ELI LILLY AND COMPANY | Lobbying Expenditures Disclosure at ELI LILLY AND COMPANY

31.39% votes in favour
AGM date
Previous AGM date
Proposal number
Resolution details
Company ticker
Resolution ask
Report on or disclose
ESG theme
  • Governance
ESG sub-theme
  • Lobbying / political engagement
Type of vote
Shareholder proposal
Filer type
Company sector
Health Care
Company HQ country
United States
Resolved clause
RESOLVED, the shareholders of Lilly request the preparation of a report, updated annually, disclosing:
1. Company policy and procedures governing lobbying, both direct and indirect, and grassroots lobbying communications.
2. Payments by Lilly used for (a) direct or indirect lobbying or (b) grassroots lobbying communications, in each case including the amount of the payment and the recipient.
3. Lilly’s membership in and payments to any tax-exempt organization that writes and endorses model legislation.
4. Description of management’s and the Board’s decision-making process and oversight for making payments described in sections 2 and 3 above.

For purposes of this proposal, a “grassroots lobbying communication” is a communication directed to the general public that (a) refers to specific legislation or regulation, (b) reflects a view on the legislation or regulation and (c) encourages the recipient of the communication to take action with respect to the legislation or regulation. “Indirect lobbying” is lobbying engaged in by a trade association or other organization of which Lilly is a member.
Both “direct and indirect lobbying” and “grassroots lobbying communications” include efforts at the local, territorial, state and federal levels.
The report shall be presented to the Public Policy and Compliance Committee and posted on Lilly’s website.
Whereas clause
WHEREAS, we believe in full disclosure of Lilly’s lobbying activities and expenditures to assess whether Lilly’s lobbying is consistent with its expressed goals and shareholder interests.
Supporting statement
Lilly spent $95,877,000 from 2010 – 2021 on federal lobbying. This figure does not include state lobbying, where Lilly lobbied in at least 46 states in 2021. Lilly also lobbies abroad, spending between €900,000–999,000 on lobbying in Europe for 2021.
Lilly fails to disclose its third-party payments to trade associations and social welfare groups (SWGs), or the amounts used for lobbying, to shareholders. Companies can give unlimited amounts to third party groups that spend millions on lobbying and undisclosed grassroots activity. These groups may be spending “at least double what’s publicly reported.”1 For example, Pharmaceutical Research and Manufacturers of America (PhRMA) has given millions to controversial “dark money” SWGs like the American Action Network.2
Lilly belongs to the Chamber of Commerce, Business Roundtable, National Association of Manufacturers (NAM) and PhRMA, which together have spent over $2.8 billion on lobbying since 1998, and supports SWGs that lobby, like the Alliance for Patient Access (AfPA), “which claims to be pro-consumer but consistently advocates against policies to lower drug prices.”3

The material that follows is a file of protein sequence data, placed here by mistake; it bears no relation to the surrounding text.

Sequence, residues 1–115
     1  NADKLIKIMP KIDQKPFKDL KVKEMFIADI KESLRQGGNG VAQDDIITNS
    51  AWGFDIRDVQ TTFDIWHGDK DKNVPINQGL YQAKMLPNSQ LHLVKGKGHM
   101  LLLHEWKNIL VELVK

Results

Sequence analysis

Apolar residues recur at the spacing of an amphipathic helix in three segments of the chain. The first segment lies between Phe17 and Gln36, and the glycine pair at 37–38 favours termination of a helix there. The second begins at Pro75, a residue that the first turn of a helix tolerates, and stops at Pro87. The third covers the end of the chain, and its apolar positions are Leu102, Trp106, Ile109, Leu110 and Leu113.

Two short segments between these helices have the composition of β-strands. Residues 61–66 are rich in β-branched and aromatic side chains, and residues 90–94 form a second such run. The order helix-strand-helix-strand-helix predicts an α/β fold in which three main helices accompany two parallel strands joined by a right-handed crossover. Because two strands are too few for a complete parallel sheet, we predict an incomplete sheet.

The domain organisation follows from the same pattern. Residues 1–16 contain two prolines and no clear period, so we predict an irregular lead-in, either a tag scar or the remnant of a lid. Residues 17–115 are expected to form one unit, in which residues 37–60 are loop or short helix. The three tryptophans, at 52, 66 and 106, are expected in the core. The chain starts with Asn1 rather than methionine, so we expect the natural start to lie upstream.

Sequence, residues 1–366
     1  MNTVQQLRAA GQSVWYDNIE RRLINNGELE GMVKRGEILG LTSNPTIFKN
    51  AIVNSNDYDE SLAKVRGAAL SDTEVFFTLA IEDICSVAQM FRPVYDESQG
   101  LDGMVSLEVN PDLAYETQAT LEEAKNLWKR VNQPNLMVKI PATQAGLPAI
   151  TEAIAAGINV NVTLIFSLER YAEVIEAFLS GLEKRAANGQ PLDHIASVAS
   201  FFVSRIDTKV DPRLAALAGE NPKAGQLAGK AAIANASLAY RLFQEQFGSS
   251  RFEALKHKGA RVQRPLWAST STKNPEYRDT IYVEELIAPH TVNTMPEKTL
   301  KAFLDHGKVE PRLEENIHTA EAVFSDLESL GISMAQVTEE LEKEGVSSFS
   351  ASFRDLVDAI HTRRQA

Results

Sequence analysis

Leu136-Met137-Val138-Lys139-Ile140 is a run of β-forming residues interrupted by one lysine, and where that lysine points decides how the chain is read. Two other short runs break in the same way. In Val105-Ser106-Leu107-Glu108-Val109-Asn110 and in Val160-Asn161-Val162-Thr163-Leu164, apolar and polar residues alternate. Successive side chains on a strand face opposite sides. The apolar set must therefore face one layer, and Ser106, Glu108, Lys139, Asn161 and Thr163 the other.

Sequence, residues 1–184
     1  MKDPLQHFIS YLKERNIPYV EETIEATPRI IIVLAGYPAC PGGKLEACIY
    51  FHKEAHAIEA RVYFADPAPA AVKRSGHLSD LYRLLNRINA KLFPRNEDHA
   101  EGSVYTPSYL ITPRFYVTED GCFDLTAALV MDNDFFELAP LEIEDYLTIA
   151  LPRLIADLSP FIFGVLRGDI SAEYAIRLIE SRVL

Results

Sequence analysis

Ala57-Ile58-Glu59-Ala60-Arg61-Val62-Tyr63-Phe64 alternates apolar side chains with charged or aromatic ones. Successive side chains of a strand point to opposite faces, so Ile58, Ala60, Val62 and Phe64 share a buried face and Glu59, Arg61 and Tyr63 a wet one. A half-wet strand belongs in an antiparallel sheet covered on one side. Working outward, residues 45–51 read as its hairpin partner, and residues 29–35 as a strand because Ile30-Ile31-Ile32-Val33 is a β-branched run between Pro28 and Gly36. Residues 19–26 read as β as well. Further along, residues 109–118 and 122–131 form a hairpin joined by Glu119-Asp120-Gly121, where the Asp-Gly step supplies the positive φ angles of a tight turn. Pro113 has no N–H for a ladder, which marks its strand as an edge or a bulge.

We believe Lilly’s lack of disclosure presents reputational risk when its lobbying contradicts company public positions. For example, Lilly states it supports more affordable medicines, yet funds PhRMA and AfPA’s opposition to lower prescription drug prices.4 Lilly opposed Indiana voter restrictions, yet groups have asked Lilly to cut ties with the American Legislative Exchange Council (ALEC) “because of its voter restriction efforts.”5 Lilly is also represented at ALEC by its trade associations, as the Chamber, NAM and PhRMA each sit on its Private Enterprise Advisory Council.
1 https://theintercept.com/2019/08/06/business-group-spending-on-lobbying-in-washington-is-at-least-double-whats-publicly- reported/.2 https://www.opensecrets.org/news/2019/11/big-pharma-bankrolled-conservative-groups-tax-returns-show/.3 https://prospect.org/power/astroturf-campaign-attacks-discount-drug-program-for-poor/.4 https://www.opensecrets.org/news/2021/09/pharmaceutical-industry-backs-democratic-holdouts-on-drug-pricing-plan/; https://nonprofitquarterly.org/alliance-for-patient-access-not-even-trying-subtlety/.5 https://www.thenation.com/article/politics/alec-corporations-democracy/.

How other organisations have declared their voting intentions

Organisation name Declared voting intentions Rationale
Anima Sgr For A vote FOR this proposal is warranted, as additional disclosure of the company's direct and indirect lobbying-related expenditures would help shareholders better assess the risks and benefits associated with the company's participation in the public policy process.

DISCLAIMER: By including a shareholder resolution or management proposal in this database, neither the PRI nor the sponsor of the resolution or proposal is seeking authority to act as proxy for any shareholder; shareholders should vote their proxies in accordance with their own policies and requirements.

Any voting recommendations set forth in the descriptions of the resolutions and management proposals included in this database are made by the sponsors of those resolutions and proposals, and do not represent the views of the PRI.

Information on the shareholder resolutions, management proposals and votes in this database have been obtained from sources that are believed to be reliable, but the PRI does not represent that it is accurate, complete, or up-to-date, including information relating to resolutions and management proposals, other signatories’ vote pre-declarations (including voting rationales), or the current status of a resolution or proposal. You should consult companies’ proxy statements for complete information on all matters to be voted on at a meeting.